Effect of a Low vs Intermediate Tidal Volume Strategy on Ventilator-Free Days in Intensive Care Unit Patients Without ARDS. The PReVENT Trial

Simonis et al. JAMA 2018. Published online October 24, 2018. doi:10.1001/jama.2018.14280

Clinical Question

  • In mechanically ventilated patients without acute respiratory distress syndrome (ARDS), does a low tidal volume ventilation strategy (6mL/Kg), compared to intermediate tidal volume strategy (10mL/Kg), reduce the number of ventilator-free and alive days at day 28?


  • Current international guidelines recommend using low tidal volumes (<6-8 mLs/Kg) during mechanical ventilation of patients with ARDS (1)
  • It is less certain whether tidal volume restriction benefits patients without ARDS
  • This population of ventilated non ARDS patients is important to study (2) as:
    • It is many times larger than ARDS patients
    • It has been excluded from ARDS trials
  • Two previous studies have suggested benefit of a lower tidal volume strategy in non ARDS patients, and an individual patient data meta-analysis (3) suggests that a lower tidal volume may shorten the time spent on the ventilator and duration ICU stay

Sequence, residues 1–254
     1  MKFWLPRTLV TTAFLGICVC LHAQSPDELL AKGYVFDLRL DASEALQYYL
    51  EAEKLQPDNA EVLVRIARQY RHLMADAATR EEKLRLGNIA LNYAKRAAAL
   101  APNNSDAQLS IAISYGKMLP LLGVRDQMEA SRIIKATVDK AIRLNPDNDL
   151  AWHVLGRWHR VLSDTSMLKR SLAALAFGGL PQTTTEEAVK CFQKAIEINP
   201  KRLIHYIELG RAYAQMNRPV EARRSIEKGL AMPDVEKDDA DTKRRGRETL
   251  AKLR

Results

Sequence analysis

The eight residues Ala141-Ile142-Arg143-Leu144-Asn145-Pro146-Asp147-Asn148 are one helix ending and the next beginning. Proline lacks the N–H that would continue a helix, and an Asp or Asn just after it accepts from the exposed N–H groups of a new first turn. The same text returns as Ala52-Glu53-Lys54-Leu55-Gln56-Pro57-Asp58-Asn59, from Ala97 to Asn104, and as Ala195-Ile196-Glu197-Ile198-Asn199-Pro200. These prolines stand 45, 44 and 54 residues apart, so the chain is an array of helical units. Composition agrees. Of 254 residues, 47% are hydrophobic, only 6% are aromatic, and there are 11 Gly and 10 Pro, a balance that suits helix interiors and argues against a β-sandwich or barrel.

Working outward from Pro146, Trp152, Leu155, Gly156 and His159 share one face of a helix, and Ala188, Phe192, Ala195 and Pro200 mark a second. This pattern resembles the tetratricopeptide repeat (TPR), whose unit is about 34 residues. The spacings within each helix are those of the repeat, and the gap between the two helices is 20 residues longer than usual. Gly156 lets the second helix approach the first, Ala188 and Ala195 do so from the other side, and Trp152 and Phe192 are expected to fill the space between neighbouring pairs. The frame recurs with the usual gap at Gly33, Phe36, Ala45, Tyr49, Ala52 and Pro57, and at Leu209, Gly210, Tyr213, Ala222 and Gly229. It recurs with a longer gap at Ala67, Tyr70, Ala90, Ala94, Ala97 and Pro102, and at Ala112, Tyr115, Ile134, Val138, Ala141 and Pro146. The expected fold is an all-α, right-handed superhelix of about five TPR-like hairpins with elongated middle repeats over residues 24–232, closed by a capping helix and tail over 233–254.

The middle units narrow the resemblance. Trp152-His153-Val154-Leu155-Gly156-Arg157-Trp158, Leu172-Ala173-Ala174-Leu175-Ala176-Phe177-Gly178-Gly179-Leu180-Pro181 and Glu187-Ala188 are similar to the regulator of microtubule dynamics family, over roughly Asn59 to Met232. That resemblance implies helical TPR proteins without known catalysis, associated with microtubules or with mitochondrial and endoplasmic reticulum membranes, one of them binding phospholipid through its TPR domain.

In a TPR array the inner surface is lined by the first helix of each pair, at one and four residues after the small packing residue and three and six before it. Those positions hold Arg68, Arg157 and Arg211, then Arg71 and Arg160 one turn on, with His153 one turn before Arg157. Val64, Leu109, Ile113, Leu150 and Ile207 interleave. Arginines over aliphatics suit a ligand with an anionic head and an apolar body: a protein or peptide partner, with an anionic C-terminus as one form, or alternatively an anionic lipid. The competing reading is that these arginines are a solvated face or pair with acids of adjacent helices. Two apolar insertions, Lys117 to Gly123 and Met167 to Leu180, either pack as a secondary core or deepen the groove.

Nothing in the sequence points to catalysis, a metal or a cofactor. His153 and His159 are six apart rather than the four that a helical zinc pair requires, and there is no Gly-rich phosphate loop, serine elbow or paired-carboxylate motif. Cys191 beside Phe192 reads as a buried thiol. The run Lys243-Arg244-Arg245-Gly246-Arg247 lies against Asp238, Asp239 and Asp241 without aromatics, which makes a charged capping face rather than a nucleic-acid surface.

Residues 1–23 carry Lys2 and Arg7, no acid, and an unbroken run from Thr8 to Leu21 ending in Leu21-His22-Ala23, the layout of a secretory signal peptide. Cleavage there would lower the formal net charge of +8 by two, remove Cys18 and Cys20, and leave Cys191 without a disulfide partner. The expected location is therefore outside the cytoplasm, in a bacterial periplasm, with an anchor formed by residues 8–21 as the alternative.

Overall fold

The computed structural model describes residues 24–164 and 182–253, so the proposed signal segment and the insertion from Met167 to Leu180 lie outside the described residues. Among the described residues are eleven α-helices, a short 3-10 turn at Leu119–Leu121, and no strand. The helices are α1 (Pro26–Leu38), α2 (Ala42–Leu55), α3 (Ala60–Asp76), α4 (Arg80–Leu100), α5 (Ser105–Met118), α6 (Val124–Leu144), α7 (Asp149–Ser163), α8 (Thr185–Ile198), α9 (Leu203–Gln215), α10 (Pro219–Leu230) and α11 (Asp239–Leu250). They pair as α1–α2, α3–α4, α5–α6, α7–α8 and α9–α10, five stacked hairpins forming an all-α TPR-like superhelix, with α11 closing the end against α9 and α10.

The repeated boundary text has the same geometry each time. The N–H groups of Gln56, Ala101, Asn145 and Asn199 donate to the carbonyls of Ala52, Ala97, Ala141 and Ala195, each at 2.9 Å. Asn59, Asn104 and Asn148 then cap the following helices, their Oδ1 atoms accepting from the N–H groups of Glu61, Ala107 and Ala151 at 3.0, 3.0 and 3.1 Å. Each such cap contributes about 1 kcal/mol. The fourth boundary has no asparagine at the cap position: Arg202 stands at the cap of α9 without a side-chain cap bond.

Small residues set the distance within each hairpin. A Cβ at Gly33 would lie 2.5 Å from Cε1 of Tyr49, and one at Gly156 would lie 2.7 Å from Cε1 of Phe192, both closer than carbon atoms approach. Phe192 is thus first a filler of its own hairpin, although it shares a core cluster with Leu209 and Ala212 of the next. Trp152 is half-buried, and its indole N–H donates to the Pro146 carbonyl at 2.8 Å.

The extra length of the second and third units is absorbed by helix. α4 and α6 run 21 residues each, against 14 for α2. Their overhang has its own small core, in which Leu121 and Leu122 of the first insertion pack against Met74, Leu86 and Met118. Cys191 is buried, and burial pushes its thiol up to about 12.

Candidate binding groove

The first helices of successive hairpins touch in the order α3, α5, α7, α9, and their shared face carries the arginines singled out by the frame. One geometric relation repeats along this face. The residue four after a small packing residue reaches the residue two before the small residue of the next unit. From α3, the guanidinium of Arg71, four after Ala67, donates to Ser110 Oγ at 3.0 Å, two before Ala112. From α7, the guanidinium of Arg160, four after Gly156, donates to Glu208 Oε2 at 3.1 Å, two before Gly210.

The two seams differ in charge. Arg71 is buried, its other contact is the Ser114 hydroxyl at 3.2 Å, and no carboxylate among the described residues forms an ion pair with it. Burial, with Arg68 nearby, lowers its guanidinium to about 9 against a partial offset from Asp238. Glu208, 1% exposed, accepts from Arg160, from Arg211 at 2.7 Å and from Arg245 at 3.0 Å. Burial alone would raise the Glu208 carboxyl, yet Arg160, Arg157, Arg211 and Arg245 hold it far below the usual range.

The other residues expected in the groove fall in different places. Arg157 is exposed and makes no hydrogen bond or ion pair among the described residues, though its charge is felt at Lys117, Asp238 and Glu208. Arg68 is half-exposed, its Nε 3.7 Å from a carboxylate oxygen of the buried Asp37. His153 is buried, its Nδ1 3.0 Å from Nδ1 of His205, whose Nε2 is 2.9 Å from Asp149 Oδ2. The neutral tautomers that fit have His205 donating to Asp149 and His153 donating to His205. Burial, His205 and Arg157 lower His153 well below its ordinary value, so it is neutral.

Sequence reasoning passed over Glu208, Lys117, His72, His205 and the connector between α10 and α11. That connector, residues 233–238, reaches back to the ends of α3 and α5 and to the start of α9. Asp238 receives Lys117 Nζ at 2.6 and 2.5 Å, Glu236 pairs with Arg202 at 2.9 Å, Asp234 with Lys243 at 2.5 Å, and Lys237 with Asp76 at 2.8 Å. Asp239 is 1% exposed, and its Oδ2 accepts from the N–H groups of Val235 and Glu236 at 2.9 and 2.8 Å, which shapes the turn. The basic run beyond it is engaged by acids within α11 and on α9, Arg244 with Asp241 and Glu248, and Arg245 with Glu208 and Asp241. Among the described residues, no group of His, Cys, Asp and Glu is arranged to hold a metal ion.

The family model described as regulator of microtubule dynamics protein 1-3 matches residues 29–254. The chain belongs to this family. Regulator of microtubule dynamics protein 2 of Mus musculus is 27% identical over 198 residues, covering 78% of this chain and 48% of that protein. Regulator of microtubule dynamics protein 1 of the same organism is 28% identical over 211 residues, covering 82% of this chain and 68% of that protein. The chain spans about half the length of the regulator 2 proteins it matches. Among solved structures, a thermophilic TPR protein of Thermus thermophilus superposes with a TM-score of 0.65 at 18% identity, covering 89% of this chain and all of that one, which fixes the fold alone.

• However lower tidal volumes could also lead to greater patient- ventilator dysnchrony, higher sedation requirements, and prolonged duration of mechanical ventilation


  • A phase 3, randomised, clinical trial
  • Patients were randomised to a low or intermediate tidal volume strategy in a 1:1 ratio, via an automated, web based system, with concealed allocation
  • Randomization was done in random block sizes of 2-6 patients, and stratified for center and intubation location (inside or outside of ICU)
  • For 80% statistical power to detect a difference of 1 ventilator-free day at day 28 (with an estimated SD of 5 days), a sample size of 952 patients was required (476 per group)
  • Primary outcome: ventilator-free days and alive at day 28, defined as the number of days that a patient was alive and free from invasive ventilation at day 28 post randomisation


  • 6 university and non university intensive care units in the Netherlands